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By "mass-producible puzzles", I refer to puzzles that are instances of a generic template. The most commonly-known examples are crosswords, Sudoku, word-finds, fill-in-the-blanks, etc.

I'd actually prefer to append this question to the above one, but the site's content mechanisms aren't conducive to it.

Consider the following types of MPP that comprise dozens of smaller puzzles, all of which can be answered independently:

  1. Rebus puzzles are puzzles where words and symbols are arranged in such a way that a literal description of them matches a well-known term, expression, or idiom. For example, drawing a large letter 'C' through the word "blouse" would be interpreted as "see-through blouse". A female symbol ♀ placed under the word "standing" would be interpreted as "misunderstanding" (Miss. under standing).

  2. Syllable match puzzles are puzzles where a grid of images is shown, each of which has an interpretation as a single-syllable word, and the objective is to combine the syllables into longer words fitting with some theme. For example,

              dog breed puzzle

    encodes the names of numerous dog breeds. (pea + ken + knees = Pekingese; husk + key = Husky, etc.)

  3. Bumper stumpers are puzzles where an sequence of letters, numbers, and symbols must be converted to an expression/phrase, or else a phrase/expression must be converted to a sequence of letters, etc. with some maximum length. For example, the clue u4cnmt6s would yield an answer "You foresee an empty success.", while the clue "I force heaven to be ecstasy." (8 characters) would yield an answer i472bxtc.

  4. Word chain puzzles are puzzles where a source word must be converted to a target word via a series of unknown intermediate words, usually by changing one letter at a time and rearranging. For example, the clue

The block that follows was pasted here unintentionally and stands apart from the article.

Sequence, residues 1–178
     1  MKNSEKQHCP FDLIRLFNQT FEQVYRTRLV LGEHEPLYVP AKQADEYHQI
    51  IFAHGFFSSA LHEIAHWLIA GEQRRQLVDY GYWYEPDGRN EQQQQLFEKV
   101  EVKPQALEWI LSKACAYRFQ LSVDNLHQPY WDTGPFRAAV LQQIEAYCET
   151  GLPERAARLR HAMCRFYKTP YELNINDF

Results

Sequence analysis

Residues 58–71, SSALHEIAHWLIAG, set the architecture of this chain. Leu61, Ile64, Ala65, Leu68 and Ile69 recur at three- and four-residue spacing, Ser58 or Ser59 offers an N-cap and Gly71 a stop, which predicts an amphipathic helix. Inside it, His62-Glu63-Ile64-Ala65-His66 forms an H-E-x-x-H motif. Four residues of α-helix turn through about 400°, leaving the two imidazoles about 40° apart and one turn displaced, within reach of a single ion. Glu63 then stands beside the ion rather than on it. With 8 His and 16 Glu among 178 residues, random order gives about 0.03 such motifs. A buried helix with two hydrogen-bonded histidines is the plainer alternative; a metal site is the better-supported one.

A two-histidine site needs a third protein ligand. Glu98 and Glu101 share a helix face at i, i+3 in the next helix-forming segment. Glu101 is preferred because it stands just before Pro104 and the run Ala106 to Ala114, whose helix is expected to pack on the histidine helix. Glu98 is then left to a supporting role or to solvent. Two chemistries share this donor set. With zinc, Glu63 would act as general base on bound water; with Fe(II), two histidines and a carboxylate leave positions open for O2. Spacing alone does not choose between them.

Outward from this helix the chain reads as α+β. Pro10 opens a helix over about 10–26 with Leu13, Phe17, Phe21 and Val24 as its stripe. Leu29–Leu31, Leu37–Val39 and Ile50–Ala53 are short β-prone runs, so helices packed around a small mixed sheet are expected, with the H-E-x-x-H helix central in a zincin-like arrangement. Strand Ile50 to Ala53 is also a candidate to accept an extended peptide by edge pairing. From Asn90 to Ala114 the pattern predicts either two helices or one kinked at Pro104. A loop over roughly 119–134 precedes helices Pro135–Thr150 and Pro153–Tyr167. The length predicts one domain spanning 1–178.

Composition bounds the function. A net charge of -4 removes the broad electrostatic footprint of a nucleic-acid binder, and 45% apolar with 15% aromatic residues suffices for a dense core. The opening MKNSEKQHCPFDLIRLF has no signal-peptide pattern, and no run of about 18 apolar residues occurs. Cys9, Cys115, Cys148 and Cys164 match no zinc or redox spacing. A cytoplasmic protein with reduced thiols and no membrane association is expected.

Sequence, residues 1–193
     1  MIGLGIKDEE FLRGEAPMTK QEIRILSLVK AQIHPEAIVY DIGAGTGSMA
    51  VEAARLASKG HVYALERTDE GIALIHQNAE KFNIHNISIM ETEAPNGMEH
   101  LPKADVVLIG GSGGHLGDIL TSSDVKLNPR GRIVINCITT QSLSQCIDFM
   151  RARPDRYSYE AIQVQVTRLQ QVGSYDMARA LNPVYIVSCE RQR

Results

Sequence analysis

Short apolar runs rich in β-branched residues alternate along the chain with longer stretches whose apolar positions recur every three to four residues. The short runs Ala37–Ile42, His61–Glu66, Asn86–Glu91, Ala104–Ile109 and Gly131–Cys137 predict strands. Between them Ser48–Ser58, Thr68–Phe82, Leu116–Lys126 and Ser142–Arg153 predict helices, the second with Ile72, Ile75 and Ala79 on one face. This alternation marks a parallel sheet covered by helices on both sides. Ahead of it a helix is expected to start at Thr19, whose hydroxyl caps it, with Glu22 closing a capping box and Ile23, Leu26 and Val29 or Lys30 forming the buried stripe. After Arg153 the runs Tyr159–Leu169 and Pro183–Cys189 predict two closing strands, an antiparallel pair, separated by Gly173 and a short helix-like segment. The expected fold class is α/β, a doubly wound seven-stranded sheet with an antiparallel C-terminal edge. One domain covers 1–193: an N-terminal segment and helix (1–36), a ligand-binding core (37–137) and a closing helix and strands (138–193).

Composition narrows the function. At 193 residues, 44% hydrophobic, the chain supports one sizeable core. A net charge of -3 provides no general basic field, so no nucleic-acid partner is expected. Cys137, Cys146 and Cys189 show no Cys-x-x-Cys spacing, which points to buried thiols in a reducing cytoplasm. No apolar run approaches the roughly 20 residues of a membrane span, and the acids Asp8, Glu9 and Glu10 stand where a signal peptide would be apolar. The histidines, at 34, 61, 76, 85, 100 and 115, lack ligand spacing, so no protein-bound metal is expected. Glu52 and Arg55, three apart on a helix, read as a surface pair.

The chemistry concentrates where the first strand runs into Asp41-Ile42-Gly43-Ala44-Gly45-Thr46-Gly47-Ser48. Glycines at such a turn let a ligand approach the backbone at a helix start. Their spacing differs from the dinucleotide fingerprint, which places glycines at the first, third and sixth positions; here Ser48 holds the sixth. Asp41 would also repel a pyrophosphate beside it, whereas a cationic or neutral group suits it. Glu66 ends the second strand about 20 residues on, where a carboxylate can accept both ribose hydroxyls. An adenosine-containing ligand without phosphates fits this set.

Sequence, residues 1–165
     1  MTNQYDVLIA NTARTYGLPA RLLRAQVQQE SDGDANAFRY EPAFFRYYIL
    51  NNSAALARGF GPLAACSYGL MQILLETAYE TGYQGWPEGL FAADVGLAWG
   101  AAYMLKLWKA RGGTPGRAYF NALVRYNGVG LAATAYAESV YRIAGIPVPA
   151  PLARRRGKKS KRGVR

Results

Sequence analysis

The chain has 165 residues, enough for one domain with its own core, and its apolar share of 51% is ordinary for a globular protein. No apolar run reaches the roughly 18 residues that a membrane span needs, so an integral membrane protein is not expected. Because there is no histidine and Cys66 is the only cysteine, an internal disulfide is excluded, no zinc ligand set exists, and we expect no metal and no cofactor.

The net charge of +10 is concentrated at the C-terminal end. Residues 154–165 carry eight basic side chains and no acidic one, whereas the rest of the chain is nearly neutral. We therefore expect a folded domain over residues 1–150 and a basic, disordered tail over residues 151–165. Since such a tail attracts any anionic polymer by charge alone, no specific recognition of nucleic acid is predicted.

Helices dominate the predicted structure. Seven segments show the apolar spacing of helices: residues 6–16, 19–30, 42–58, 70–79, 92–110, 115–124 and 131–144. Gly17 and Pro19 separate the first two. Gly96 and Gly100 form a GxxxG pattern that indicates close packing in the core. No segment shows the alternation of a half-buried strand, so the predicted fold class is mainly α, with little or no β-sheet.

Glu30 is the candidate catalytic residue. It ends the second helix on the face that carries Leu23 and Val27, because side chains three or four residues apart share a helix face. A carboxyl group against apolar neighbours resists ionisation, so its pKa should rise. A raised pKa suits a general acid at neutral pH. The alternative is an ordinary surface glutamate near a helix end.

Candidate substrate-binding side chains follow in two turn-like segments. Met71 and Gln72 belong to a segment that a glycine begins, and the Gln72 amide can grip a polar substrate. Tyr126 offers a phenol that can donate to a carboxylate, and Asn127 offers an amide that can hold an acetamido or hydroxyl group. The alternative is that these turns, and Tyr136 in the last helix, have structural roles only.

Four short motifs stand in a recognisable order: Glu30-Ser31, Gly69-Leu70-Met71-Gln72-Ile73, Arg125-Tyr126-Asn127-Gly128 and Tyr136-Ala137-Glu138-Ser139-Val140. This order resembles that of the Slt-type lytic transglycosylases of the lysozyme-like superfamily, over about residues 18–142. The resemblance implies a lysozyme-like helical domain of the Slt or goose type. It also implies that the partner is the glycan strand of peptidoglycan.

INADVERTENT > _ _ _ _ _ _ _ _ _ _ _ > RENOMINATED

    is solved by DETERMINANT, which shares 10 out of 11 letters with both source and target words.

More generally, I'm interested in the suitability of puzzles with numerous small, independent answers, and about how to go about requesting answers for such puzzles.

For example, suppose a question presents an MPP of one of the above varieties with 20 independent "mini-puzzles". Which of the following would be good and/or appropriate ways to request answers?

  1. Post an answer when you've correctly solved all clues.

  2. Post the answers to any 5 clues or fewer.

  3. Post the answer to such and such metapuzzle (which can only be solved when the majority of the mini-puzzles are solved, each yielding a clue).

  4. Post the answers to as many or as few clues as you like.

My strong preference is option #2: asking for n answers or fewer, so that no one puzzler comes along and solves the whole works in one shot, spreading the glory around a bit. It also encourages puzzlers who can't solve all the mini-puzzles to provide the answers for the mini-puzzles they can solve. However, some might see this as contrary to the SE format, where answers are typically expected to be complete and integral.

Any thoughts? Suggestions? Existing guidelines?

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For this particular question where you asked me for feedback here, I will say that in fact we have three independent puzzles, even if they are very similar in structure, so they really should be asked in three separate questions, and the fact that you could pick just one, answer it and ignore the other two is a strong indicator of this.

Now, back to this actual meta question, but without stopping to think in that previous question: